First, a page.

“This interactive piece of press gives consumers the power to star in the campaign: They handle the product, test, prove and evaluate the outcome,” DM9 vice president of media Drian Ferguson told AdNews.
That’s agency-speak for “consumers have fun, they enjoy the product, and they probably tell their friends.”
(By the way, the “Touching is believing” study released by UK newspaper marketing company Newsworks, media agency PHD, and University College London in mid-2015 and “The effect of mere touch” study out of the University of Wisconsin and University of California in 2009 both found that confidence, satisfaction, reliability, trust and the willingness to purchase, all increased when consumers actually touch advertisements in print or digital formats. Touching print ads, for example, increased readers’ belief that the brand is honest and sincere by 41%, quality perceptions by 20%, and purchase intent by 24%.)
Sticking with the theme of fun and the idea that touching is believing, two other companies launched print campaigns with readers making festive calendars and masks.
UK network provider Three used print advertisements to give readers the opportunity to create a festive paper calendar featuring themselves, and the Great Ormond Street Hospital Charity used print advertisements to give readers the opportunity to create a face
frame for a #BadHairDay selfie and donate.
Some innovations take your breath away.
A progressive Vienna-based men’s magazine, Vangardist, wanted to rekindle awareness of the HIV crisis. Their approach was unique in the extreme: The cover and every page was printed with HIV+-infused blood donated by three HIV infected men.
The blood was sent to the University of Innsbruck for pasteurisation, where the heating process ensured that the disease could not be transmitted. The unusual cover and printing innovation was prompted by the fact that there was an 80% increase in confirmed cases of HIV compared to the 10 years previously, according to the World Health Organisation.
“The reason why that’s happening is people just aren’t talking about it anymore,” said Jason Romeyko, the executive creative director of Saatchi & Saatchi Switzerland in a press release.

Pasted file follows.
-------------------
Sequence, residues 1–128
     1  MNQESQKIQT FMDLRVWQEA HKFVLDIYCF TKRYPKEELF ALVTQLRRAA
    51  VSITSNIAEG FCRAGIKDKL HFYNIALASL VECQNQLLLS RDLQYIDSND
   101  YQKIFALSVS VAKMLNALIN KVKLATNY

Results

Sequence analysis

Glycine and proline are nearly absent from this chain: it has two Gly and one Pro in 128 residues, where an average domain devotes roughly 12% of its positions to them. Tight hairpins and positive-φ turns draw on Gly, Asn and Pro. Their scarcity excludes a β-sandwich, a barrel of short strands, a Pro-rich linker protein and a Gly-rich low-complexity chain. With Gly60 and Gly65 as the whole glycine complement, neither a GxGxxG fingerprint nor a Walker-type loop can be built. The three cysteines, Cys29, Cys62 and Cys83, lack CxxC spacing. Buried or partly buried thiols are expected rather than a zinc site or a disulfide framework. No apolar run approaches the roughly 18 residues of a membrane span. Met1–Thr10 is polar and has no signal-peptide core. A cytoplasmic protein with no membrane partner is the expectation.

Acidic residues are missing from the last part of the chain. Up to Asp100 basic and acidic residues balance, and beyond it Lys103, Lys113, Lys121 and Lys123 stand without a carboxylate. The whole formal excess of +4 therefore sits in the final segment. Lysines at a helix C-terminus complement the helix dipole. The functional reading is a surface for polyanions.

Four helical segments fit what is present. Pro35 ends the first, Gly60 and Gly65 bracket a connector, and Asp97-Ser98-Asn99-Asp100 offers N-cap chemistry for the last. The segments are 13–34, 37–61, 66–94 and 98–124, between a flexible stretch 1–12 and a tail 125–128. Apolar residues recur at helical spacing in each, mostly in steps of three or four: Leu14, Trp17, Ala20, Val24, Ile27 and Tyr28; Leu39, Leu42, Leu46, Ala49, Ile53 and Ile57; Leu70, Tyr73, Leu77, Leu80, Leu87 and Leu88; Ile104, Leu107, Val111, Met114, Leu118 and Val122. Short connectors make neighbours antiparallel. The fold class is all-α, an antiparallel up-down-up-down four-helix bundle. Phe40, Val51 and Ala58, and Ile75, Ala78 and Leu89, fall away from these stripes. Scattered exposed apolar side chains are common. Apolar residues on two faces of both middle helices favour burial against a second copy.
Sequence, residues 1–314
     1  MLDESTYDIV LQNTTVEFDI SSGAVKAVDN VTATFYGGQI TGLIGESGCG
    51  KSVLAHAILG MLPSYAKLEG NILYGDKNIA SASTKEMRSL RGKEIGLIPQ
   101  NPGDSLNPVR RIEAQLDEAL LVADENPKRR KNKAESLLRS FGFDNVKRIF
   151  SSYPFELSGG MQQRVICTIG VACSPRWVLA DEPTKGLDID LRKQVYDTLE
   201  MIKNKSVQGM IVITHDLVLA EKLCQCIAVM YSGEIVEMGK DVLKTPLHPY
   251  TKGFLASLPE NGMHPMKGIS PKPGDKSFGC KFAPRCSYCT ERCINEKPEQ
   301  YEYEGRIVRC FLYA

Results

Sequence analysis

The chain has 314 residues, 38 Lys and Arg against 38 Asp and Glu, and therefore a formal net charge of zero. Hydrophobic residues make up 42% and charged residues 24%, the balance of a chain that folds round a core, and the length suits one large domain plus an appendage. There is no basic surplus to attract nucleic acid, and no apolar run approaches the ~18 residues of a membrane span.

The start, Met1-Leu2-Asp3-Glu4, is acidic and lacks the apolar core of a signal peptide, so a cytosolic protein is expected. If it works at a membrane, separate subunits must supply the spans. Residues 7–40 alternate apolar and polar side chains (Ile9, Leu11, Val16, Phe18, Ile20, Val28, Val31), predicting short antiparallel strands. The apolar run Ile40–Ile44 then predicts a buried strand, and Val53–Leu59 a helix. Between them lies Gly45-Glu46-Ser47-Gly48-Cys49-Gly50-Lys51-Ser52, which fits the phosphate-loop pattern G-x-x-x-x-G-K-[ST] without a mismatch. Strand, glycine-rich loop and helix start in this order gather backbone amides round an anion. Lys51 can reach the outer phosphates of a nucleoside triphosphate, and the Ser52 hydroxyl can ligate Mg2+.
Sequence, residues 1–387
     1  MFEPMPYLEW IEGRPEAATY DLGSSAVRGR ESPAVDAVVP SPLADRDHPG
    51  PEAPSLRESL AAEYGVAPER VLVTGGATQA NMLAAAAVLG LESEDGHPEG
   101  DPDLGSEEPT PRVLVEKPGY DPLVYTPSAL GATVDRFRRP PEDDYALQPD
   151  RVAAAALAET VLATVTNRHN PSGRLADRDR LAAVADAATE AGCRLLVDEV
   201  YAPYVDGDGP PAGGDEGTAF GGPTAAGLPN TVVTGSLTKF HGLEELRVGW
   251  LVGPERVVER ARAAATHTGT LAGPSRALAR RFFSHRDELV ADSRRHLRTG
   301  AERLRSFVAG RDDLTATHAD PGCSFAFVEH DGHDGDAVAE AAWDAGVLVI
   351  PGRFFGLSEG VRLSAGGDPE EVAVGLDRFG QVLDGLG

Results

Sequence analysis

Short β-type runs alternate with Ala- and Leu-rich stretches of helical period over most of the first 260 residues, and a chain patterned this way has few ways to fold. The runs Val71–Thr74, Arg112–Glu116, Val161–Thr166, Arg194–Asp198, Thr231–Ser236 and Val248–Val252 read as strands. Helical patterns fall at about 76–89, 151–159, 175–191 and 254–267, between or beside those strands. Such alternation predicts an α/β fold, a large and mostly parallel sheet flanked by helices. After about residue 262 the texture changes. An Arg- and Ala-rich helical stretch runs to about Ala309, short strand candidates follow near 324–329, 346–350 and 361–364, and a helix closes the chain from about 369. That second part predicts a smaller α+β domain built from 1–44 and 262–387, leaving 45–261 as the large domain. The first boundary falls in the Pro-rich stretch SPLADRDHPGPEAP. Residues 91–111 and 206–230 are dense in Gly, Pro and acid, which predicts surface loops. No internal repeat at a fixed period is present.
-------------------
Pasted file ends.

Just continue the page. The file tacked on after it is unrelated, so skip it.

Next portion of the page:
The HIV-ink editions came wrapped in plastic, just for effect, with the instruction: “Break the seal and help break the stigma”. Vangardist created 3,000 copies of the special edition in both German and English. Watch a powerful video about the innovation at vi- meo.com/133507827.
That example aside, fun has been far more prevalent than provocation.
We’ve seen three really wonderful print ideas: The world’s largest print magazine, a colouring magazine for “grown-ups”, and a magazine to be read using your foot.
Publishing the world’s largest-ever magazine is nothing new, but the sizes keep growing and that is fun in and of itself.
This time it was the folks at Healthy magazine creating a 7.179 square metres magazine — beating the previous Guinness World Record of 6.96m2 (Visionaire in 2011). The new champion magazine measured 3.055m in height and 2.35m in width.
The record-breaking magazine took 14 hours to print and weighed in at 238 pounds or 107 kg.
“The idea for producing the world’s biggest person-size magazine came about because at River we like to innovate and everybody these days is saying it’s all about digital and social media and not about print. While we have a thriving digital, social media and, indeed, video business, for us print is still at the heart of a lot of what we do,” said Nicola Murphy, CEO of The River Group.
From the biggest to, perhaps, the calmest.
Eye to Eye Media, parent of 50 puzzle titles, launched a colouring magazine for adults in mid-2015.
“Captivating, calming and creative, colouring-in for adults is an increasingly popular pastime for people looking to de-stress, unwind and relax in this ‘always-on’ world, allowing readers to take some time for them- selves, enjoy a little escapism, and make the most of some quality ‘me-time’,” Eye to Eye management announced.
Eye to Eye is banking on what psychologists are reported to have found: Colouring has been scientifically proven to be calming and therapeutic. The folks behind the launch believe that when humans concentrate on the detail of a picture while choosing the colours and rhythmically following the pattern of colouring-in, they can dramatically reduce their heart-rate and free their minds of everyday turmoil.